21. Sorry but you didn't read or understand me if you think I'm denigrating Sandbox players or advocating for Sandbox removal. I've been playing nothing but sandbox for years now. Sandbox IS the cheat mode you use to try wonky designs. Ignore this if you don't understand what it means in this context. Sandbox IS the test mode you use to test landers for your progression save. Sandbox IS the gamemode for when you add external progression systems or challenges like a colony mod, life support or maybe even RSS. Sandbox IS the gamemode for new players, that already have difficulties figuring out orbital mechanics and can't be bothered with science or funds on top of that. Sandbox IS the gamemode for people that already finished the tech tree a thousand times and at the end of that the game is sandbox anyway. Sandbox IS the place to go if you want to follow your own set of rules and headcanon. KSP progression, both science and career are simple, so simple that you can obtain all of the above with a couple of switches and nothing more: currencies disabled, tech tree disabled. KSP2 is going to be a completely different beast from what we know, and each one of the uses of Sandbox I listed above requires a wildly different set of settings for all the colony, discovery and resource mining stuff. Something not as simple and easily done as a single "Moneys = false;" in some config file. This is because while KSP1 pretended to have something going on with the contract system asking you to move around stuff or build useless satellites, bases and stations, KSP2 will have those as part of a working infrastructure network. KSP2 progression seems to be bases not on the slow and grindy farming of a pretended currency but on the player slowly building a working space infrastructure network one launch at a time, with multiple systems interacting with each other. With that you can't just flip a switch and disable the whole system like you do in KSP1. So, since apparently writing it 6 times in 3 pages isn't enough to get it read, what do you want sandbox to be? How are you going to use it? Because I know what I want, I want to be able to build catapults to send Kerbals to the abandoned airstrip island in a save, test a new Eve lander in the next, use it to set up a starting colony on Laythe only to then disable the Sandbox and start a new progression from there instead of Kerbin. And then, when I'll have hundreds of hours in KSP2 and played the beginning over and over again I want to use the Sandbox mode to skip the initial progression, but keeping the colonial progression and discovery systems up and working. But all of that requires Sandbox to be configurable and not just a single On/Off switch.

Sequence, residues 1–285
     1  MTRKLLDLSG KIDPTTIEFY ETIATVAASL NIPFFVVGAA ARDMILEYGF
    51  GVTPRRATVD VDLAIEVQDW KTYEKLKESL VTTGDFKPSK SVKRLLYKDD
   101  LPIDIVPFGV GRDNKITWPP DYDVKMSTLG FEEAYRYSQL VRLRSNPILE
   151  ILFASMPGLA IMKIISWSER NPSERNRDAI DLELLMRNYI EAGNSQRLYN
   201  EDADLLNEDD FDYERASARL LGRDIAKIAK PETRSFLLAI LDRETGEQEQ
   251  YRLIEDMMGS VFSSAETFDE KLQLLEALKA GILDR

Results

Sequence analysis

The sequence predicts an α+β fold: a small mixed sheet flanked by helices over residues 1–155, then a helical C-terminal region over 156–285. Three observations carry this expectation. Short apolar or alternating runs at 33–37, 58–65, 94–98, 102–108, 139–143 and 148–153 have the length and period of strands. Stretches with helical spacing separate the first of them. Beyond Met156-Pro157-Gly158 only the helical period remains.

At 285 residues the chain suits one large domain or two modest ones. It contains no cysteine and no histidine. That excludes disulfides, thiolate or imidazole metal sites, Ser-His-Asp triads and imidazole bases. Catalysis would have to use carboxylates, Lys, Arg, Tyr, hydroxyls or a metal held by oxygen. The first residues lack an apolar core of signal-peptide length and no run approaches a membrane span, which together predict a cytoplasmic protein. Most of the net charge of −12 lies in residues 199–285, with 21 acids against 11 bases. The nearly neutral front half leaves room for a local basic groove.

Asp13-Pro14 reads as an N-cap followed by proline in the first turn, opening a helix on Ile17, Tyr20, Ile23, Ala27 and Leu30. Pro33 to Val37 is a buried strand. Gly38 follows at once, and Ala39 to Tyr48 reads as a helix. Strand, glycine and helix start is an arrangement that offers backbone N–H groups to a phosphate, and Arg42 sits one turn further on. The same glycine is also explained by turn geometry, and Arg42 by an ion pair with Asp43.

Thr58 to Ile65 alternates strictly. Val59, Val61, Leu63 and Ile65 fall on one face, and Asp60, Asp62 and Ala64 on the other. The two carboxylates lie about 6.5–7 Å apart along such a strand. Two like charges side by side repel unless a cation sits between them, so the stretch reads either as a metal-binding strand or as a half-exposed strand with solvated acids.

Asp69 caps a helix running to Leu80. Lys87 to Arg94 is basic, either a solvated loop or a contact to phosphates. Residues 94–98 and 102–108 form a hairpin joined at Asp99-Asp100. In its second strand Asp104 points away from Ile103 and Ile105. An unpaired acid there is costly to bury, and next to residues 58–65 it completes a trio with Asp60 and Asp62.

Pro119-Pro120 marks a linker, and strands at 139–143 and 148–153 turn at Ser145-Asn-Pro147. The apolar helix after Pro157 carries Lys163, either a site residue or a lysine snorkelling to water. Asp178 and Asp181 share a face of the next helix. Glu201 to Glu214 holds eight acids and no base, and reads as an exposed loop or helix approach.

22. [snip] I've already said in all my comments that I don't want sandbox removed. I'm not arguing for the removal of sandbox. If that's all you're going to say don't send notifications my way. Thank you.
  23. If you promise free sandwiches forever for everyone your sandwich stand is going to fail. The person buying the stand after your harebrained bankruptcy has made no promise and has no responsibility to follow you to a bankruptcy of their own. The choice here isn't between paying for KSP2 or having it as a free update, but between paying for KSP2 or having no game at all. Nobody would fund the development of a completely new game out of the remaining sales of a 10 years old game, not without some aggressive monetization scheme. The math simply doesn't work out.
  24. Strong disagree, KSP is just one in a long list of fantastic Sims that are terrible at being games. Both science and career are terrible not only for veteran player that want an additional challenge, but also for new players, they're poorly explained and don't reward the player to improve in any way. They don't provide any assistance in any way. The first suggestion I always had for new players is "forget progression and learn the game in sandbox". We can only say that after a meaningful and fun progression is added. Right now the only objective point we have is that sandbox is the only game mode than can be considered complete. I'm not arguing for removing sandbox. Just to provide a ton of option to build your own sandbox when choosing the game mode. Despite everyone ignoring the matter for some reason there are at least a dozen of unanswered questions the answers of which can radically change what "sandbox" even mean. And I'm not saying that to put sandbox as an inferior gamemode. I'm going to use that gamemode a ton, and in different occasions I may want colonies to work normally or to have everything free without resources based on what I'm planning to do with that specific sandbox save. Back to OP, the title is 100% right. We shouldn't need sandbox for the game to be even playable. I've refunded plenty of fantastic games that were hidden behind a terrible progression systems, and without sandbox KSP would totally be in that category.
  25. I use sandbox too, but OP original point remains, most people play sandbox because KSP1 progression modes suck. You can say someone will like it and other people won't, but for a gameplay design aspect they are barely more than prototypes and they were never fixed or updated past the first raw implementation.